Climate Challenges on Farming – A Brief

South Asia is one of the most densely populated regions in the world. Agriculture is the backbone of South Asia. South Asian farmers have to feed 20% of the global population with 5% global agricultural lands. One-third of the world’s poor living is in the South Asian region. The fundamental basis of Agriculture is affected by temperature, rainfall and weather, climate change, the occurrence of floods, droughts and heat stress. Excessive use of agrochemicals and non-sustainable use of energy and water has contributed to many global challenges such as air pollution, water pollution, high emissions, water and energy scarcity, loss of biodiversity and health hazards. There are 30 world’s most populated cities in South Asia, 21 are in India alone.

Threatening food security and agriculture is due to increasing temperatures, changing rainfall patterns and quicken glaciers melting due to global warming. Due to current crises in the covid-19 pandemic, farmers are exposed to dual challenges like unpredictable climate conditions as well as uncertainty in production, marketing, transportation and income. Temperatures have been increasing across South Asia. According to Intergovernmental Panel on Climate change by 2050, there will be a 0.88-3.16°C rise in average temperature. National Solar Mission, National Emission of Enhanced Energy efficiency, National Mission for Green India, National Mission for Sustainable Agriculture, National Water Mission are some of the measures taken by India for climate change. There is a decrease in the magnitude of the agricultural vulnerability of rice and an increase in the agricultural vulnerability of wheat in the previous decades. The changes in the agricultural vulnerability of crops are highly region-specific.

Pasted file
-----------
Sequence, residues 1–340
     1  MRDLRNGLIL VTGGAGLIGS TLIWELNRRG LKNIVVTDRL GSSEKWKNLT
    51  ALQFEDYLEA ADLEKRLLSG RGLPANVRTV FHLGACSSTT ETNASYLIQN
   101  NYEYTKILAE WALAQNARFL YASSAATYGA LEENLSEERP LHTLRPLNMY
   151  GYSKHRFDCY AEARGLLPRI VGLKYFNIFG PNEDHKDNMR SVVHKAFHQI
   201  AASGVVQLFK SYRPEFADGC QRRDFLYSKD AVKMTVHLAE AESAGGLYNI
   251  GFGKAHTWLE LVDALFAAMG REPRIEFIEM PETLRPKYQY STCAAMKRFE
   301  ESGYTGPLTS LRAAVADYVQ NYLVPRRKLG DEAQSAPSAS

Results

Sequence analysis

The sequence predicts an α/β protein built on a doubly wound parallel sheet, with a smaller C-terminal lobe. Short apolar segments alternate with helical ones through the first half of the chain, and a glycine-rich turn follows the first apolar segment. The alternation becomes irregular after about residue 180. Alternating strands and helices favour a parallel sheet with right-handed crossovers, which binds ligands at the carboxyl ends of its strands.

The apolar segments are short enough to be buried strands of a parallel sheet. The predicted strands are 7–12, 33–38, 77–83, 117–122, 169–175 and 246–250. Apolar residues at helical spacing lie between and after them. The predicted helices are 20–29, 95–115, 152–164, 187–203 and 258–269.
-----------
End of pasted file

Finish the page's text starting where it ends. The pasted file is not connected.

The climatic drivers such as temperature, rainfall patterns and hazards affect agriculture in mountain areas. The high altitude area of the Hindu Kush Himalayan (HKH) region has a shortage of water and uncertainties having an impact on agriculture and food security. Clear impacts are visible in high mountain regions. For the rural areas of different HKH region has less drinking water supply due to reduced snowmelt and glacier. Due to more melting of Himalayan glaciers, downstream areas are affected in many ways. Firstly, water availability will increase. This will be during the summer and monsoon seasons. It will affect people with floods and property damage. When water is most needed for irrigation in the dry season, the water supply will gradually reduce. This will affect agriculture and food security in large parts of South Asia.

Climate change demands an integrated approach in dealing with food security. The impact of climate change on long-term resilience and sustainability in agriculture. To address the climate crises, innovative strategies and approaches are needed. Thus, policy choices need to focus on resolving urgent food needs and health. 21% of the total area is affected by the drought among them 39.4% is agricultural land. Due to drought, the agricultural risk has significantly increased due to the impact of the hydro-climatic hazard.

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